Nearly 30 years ago, Iceland was looking for ways to reduce its reliance on imported fossil fuels and replace them with local, renewable sources -- geothermal and hydroelectric power. But a chemistry professor named Bragi Arnason outlined a more ambitious goal. From his study of Iceland's hot-water reserves, Arnason realized that the country was planning to tap only a small fraction of the energy resources that lay hidden beneath its volcanic surface. That convinced him that Iceland could become the first nation in the world to power its economy entirely with what is now widely seen as the energy of the future: hydrogen.
Arnason understood that Iceland offered a unique laboratory for exploring the potential of a hydrogen economy. The country's small size (40,000 square miles) and population (just 294,000) would simplify the challenge of transforming its energy infrastructure. Most important, he believed that the energy required to split water molecules and produce hydrogen could be provided by Iceland's cheap, abundant supplies of geothermal and hydroelectric power.
The response was polite. People told Arnason, "Of course it would be nice if you could do that, but it's a very long-term vision."
In the 1990s, however, as scientists around the world made breakthroughs in hydrogen fuel-cell technology, Bragi Arnason's dream began to seem less utopian. Several multinational corporations, familiar with his ideas and attracted by the notion of using Iceland's natural energy resources to produce hydrogen from water (rather than extracting it from a hydrogen-rich fuel such as liquefied natural gas or methanol), approached the Icelandic government to express their interest in implementing a national hydrogen plan.
In 1999, three of those corporations -- Shell, Daimler-Chrysler, and the energy and metals company Norsk Hydro -- joined forces with the Icelandic government, universities, research institutions, and business leaders under the banner of Icelandic New Energy (INE), a "cooperation platform" whose goal was to power the country's transportation system and fishing fleet entirely with hydrogen. The consortium is unique in the world.
Each company has made its own particular contribution to the project: Daimler-Chrysler has provided buses for the pilot phase, as it has for nine cities elsewhere in Europe; Norsk Hydro has the know-how for producing hydrogen; and Shell offers its long experience in delivering fuel to the public. The three corporations do not control the INE agenda, however; Icelandic stakeholders deliberately reserved for themselves a 51 percent majority of votes.
INE has embarked on a research phase that is expected to last 10 to 15 years -- recognizing, like hydrogen backers everywhere, that full conversion will take 40 years or more. "The Icelandic government sees this as a marathon, not a sprint," says Chris de Koning, a spokesman for Shell Hydrogen. The corporations take a similarly long-term approach: "We have been in the energy business for 100 years," says de Koning. "We want to be in the energy business for at least another 100."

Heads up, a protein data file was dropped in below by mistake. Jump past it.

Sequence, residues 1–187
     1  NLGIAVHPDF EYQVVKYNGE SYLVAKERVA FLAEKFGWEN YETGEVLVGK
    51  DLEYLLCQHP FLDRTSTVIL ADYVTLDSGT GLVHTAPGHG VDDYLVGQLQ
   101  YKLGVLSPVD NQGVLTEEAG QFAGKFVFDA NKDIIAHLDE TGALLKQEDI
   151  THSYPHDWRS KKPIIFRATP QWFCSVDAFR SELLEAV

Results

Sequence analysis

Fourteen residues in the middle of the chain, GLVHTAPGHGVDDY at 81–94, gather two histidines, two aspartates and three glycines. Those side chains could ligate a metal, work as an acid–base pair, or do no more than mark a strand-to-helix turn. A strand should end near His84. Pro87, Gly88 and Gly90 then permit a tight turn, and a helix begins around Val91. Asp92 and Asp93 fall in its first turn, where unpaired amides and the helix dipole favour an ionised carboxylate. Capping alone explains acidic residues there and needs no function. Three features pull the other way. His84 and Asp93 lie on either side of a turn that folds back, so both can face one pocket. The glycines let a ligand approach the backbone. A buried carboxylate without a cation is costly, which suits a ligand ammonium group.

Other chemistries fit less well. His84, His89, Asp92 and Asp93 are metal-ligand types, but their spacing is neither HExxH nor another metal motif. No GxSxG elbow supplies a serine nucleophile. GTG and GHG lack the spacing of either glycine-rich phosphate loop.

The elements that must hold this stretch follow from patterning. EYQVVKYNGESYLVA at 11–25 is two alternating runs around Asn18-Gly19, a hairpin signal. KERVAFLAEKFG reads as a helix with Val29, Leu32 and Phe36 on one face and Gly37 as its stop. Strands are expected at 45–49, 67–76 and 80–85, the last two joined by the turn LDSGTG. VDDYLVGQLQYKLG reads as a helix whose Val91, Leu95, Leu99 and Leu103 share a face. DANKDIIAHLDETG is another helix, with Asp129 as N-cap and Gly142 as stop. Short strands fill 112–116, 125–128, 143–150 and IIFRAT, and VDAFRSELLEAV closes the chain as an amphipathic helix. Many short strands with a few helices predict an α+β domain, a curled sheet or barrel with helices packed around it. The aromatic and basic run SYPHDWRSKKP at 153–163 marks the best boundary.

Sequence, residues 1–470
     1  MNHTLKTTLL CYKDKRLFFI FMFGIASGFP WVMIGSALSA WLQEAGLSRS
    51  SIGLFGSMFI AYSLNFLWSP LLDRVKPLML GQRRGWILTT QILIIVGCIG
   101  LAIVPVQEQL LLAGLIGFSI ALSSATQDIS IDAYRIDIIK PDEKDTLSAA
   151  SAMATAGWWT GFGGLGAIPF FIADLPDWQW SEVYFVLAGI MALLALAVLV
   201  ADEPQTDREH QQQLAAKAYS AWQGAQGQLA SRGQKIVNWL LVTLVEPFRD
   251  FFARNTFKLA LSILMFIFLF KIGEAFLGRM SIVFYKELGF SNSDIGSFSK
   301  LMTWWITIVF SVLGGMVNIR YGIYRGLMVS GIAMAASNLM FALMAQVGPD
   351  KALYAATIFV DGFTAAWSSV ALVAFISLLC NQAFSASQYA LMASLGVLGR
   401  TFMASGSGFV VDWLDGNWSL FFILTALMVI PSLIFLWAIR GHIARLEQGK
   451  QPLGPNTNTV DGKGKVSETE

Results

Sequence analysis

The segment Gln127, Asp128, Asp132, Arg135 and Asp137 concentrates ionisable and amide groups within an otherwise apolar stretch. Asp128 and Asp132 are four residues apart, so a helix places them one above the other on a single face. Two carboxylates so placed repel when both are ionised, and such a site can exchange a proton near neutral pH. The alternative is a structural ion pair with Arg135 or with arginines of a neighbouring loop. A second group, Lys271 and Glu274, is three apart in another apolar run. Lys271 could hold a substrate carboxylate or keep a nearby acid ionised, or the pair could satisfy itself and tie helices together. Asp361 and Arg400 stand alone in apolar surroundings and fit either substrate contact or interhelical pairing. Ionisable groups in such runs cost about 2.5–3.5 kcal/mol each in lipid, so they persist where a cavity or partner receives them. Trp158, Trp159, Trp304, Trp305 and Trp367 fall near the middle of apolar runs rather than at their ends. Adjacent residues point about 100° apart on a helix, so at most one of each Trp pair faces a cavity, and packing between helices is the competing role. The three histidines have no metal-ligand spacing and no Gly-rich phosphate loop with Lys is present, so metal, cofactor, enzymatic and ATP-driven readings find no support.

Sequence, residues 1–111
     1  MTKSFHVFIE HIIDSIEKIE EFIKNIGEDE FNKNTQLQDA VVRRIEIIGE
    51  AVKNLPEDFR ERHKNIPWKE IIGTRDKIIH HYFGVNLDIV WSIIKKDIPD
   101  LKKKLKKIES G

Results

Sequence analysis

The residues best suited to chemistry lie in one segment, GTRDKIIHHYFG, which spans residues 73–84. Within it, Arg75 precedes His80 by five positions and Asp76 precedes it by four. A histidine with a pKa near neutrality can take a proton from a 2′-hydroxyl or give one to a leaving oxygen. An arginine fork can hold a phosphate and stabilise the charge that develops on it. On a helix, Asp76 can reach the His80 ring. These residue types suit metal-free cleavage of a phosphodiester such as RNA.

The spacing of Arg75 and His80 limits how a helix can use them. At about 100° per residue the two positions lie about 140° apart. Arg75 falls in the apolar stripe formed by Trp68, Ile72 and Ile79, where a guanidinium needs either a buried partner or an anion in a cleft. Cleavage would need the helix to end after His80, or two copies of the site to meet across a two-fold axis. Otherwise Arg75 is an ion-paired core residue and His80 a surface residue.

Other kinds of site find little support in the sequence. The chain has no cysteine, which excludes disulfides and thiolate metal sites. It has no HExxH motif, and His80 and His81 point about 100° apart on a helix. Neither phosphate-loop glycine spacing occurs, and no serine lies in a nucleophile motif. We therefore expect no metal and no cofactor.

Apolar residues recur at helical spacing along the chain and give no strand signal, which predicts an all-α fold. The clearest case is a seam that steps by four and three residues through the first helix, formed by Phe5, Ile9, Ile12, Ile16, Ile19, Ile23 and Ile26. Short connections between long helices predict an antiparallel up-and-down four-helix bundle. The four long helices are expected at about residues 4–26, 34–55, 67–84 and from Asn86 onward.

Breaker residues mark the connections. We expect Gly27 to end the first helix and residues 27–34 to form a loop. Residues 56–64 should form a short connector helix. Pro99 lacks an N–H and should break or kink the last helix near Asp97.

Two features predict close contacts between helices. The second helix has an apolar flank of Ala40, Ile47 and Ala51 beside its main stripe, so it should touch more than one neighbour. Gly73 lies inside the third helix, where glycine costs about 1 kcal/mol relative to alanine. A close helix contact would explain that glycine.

Buses are the first step; after that come cars, and finally the country's fishing fleet. In 2003 the ribbon was cut for the world's first commercial hydrogen filling station, in Reykjavik. For now, its only customers are the three buses provided by Daimler-Chrysler, but when hydrogen-powered vehicles become more widely available, any driver will be able to simply pull in and use the pumps. INE is now in the midst of negotiations with vehicle manufacturers, with the goal of introducing the first hydrogen-powered cars by early 2006.
As they transport passengers around the city, white trails of pure steam floating behind them, the buses are constantly monitored to gather data on their efficiency, performance, and reliability; on the lifetime of their components; and on passenger satisfaction. "So far the project has been going extremely well," reports INE head Jon Bjorn Skulason. "The major components of the buses have not failed at all." The only significant challenge to date occurred when a pipe in the Reykjavik filling station ruptured, leading to a minor redesign.
The most revolutionary step will be to convert Iceland's fishing fleet to hydrogen. Seafood constitutes about 62 percent of the country's exports, and because of the heavy demand for oil by the fishing industry, Iceland's per capita carbon dioxide emissions are actually higher than those of a number of more industrialized European nations, including France, Italy, and Spain. Concern is growing worldwide about air pollution from ships, and Iceland's pioneering steps toward a hydrogen-powered fleet have propelled international interest and investment.
If the INE project is successful, Iceland stands to save nearly two-thirds of the $200 million a year it spends on imported fossil fuel, attract new foreign investment, and perhaps even develop the capacity to export hydrogen. It may never be the Kuwait or Saudi Arabia of the north, but Skulason believes that Iceland could someday supply the hydrogen needs of a country as large as Denmark, whose population is 20 times that of Iceland.
Most important, perhaps, hydrogen may allow Iceland to assert its own distinctive brand of global leadership in a world where finding alternatives to fossil fuels is becoming critical. "We see ourselves as pioneers in clean energy," says Olafur Ragnar Grimsson, Iceland's president. "This is an energy which is viable, which doesn't destroy life on earth. For a small nation, that is a very important vision and an important signal to the rest of the world."
-- Cynthia Grabber